Liverpool yesterday bid £4m for Blackpool's midfielder Charlie Adam as the club's director of football strategy Damien Comolli admitted that qualification for the Europa League through the Premier League looked improbable.
Comolli telephoned the Blackpool chairman, Karl Oyston, to make the verbal offer but Oyston, whose manager, Ian Holloway, this week ridiculed £3.5m bids for the player, turned him down flat.
A source, not connected with Anfield, suggested yesterday that Liverpool are in pole position in the pursuit of the 25-year-old Scot. Manager Holloway said, after Adam's integral role in helping Blackpool beat Liverpool two weeks ago, he would consider offers only from elite Premier League sides.
Liverpool are assessing a larger number of players than had been thought, with Comolli also suggesting in an interview with the French broadcaster Canal+ on Thursday evening that Darren Bent had been considered but passed up because he would not operate well with Fernando Torres. "We thought about him and we looked at his profile and we decided he would not be very complementary along with Torres. He is a guy who plays as a lone striker."
Comolli grimaced and looked pessimistic when, in a discussion of the Ajax striker Luis Suarez, he questioned whether the Uruguayan, who is 24 on Monday, would be released by the Dutch side. "He is one of the players we are interested in, but will he be available in January? That's another story," Comolli said. "Our priority is to recruit a striker who is quick because the team lacks pace." Pace is actually one quality for which Suarez is not particularly feared.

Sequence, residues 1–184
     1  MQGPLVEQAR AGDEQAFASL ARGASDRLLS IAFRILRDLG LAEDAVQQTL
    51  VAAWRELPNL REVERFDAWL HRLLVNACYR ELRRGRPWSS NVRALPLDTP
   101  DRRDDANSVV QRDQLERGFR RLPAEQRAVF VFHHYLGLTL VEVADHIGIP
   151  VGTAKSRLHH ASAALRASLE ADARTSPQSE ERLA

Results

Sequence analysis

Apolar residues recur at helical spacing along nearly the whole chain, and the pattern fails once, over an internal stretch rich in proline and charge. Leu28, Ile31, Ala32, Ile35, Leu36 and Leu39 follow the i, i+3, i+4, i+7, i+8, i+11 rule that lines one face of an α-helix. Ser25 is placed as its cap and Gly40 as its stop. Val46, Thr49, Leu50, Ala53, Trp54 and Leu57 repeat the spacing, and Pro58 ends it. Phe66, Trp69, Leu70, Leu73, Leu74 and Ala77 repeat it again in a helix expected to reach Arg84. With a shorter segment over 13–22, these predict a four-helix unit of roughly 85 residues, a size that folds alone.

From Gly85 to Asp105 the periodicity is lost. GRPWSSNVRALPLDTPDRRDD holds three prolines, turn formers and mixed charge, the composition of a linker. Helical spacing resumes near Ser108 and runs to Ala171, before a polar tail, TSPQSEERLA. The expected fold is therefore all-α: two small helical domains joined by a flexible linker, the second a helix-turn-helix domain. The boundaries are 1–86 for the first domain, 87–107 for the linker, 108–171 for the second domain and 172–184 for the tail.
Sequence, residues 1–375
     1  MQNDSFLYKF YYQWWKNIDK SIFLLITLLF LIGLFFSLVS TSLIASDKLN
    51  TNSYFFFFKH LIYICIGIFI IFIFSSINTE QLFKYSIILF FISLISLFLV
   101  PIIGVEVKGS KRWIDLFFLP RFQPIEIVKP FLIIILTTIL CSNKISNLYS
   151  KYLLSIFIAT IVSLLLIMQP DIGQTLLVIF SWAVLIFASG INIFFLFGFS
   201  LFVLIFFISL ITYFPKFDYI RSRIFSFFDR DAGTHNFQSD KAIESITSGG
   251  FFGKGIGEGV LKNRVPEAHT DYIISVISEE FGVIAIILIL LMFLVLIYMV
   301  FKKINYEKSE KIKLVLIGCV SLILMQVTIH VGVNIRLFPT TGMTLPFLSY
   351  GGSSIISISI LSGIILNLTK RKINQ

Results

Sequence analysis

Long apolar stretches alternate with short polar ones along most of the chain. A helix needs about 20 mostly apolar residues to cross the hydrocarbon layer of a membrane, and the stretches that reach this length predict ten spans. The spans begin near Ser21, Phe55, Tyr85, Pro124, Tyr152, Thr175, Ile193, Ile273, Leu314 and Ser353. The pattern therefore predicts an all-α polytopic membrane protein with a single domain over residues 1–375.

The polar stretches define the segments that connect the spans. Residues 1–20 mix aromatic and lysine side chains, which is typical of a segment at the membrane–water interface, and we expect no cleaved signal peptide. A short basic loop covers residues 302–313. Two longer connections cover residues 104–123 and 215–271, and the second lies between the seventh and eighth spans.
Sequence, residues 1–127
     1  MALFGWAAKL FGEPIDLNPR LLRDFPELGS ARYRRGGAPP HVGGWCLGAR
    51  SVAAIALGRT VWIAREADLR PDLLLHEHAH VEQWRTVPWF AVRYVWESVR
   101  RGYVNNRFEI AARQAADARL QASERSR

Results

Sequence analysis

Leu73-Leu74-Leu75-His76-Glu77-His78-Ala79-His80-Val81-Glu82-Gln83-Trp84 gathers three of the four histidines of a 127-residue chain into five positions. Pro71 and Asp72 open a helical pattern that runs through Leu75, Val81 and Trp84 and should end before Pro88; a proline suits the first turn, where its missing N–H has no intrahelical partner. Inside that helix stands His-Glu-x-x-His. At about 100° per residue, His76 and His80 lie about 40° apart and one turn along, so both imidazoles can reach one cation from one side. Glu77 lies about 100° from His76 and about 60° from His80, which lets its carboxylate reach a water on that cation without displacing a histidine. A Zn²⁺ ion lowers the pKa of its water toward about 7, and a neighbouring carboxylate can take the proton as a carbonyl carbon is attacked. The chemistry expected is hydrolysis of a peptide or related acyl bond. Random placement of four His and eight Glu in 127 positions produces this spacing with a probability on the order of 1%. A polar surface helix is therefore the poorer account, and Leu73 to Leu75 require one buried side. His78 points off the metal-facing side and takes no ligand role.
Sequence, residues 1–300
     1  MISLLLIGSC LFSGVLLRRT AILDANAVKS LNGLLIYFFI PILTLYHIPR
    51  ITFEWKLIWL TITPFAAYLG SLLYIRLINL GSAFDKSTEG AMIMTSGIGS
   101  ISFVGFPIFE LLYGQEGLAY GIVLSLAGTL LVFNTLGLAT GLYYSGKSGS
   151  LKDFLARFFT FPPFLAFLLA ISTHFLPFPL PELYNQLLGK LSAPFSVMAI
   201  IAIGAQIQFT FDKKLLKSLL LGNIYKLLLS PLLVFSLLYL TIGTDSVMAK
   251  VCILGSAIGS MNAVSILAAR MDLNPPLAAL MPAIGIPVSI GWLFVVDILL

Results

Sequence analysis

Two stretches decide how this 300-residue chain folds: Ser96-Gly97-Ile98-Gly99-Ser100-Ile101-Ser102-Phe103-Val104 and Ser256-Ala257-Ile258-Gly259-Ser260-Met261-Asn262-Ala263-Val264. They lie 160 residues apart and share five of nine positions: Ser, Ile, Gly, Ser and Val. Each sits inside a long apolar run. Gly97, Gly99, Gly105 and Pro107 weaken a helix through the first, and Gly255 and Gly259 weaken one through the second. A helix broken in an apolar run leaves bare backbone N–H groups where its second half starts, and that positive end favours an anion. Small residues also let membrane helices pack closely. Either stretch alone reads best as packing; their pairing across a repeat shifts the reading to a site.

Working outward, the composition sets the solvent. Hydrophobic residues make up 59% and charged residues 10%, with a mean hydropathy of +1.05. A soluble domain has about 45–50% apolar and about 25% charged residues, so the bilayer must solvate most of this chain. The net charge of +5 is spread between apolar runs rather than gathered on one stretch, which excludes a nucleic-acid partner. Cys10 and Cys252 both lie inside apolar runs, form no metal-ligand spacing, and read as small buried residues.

But it is Comolli's assessment of Liverpool's league prospects which reveals most about the task they feel they have ahead. "The Europa League is our main objective for the season. We have won it three times and it's important for us to win it again," he said. "It's the shortest and probably the only way for us to qualify for Europe next season." Given that Liverpool are only four points off seventh-placed Bolton, Comolli's outlook may appear gloomy.
Meanwhile, the manager, Kenny Dalglish, has declared that his reappointment is the best job offer of his career because he was "running out of time" on the fringes of the game. Dalglish said ahead of today's trip to Wolves, in which Liverpool seek only their third away win in almost 13 months: "It is the best job I've ever been offered, so that will do me. It is very seldom you get offered a job and are fortunate enough to have most things in place. For me, coming in here was the best offer I have had in my life and I wasn't going to turn that down. There are problems that need to be solved but I wouldn't be here if there wasn't any problems. Hopefully, we can solve them.
"I was only a baby when I was in charge last time, now I'm a grand-dad, so I was running out of time. It's different players, a different era, a different age. I knew the players at Liverpool when I first got the job ... but you don't really get to know them until you start working with them."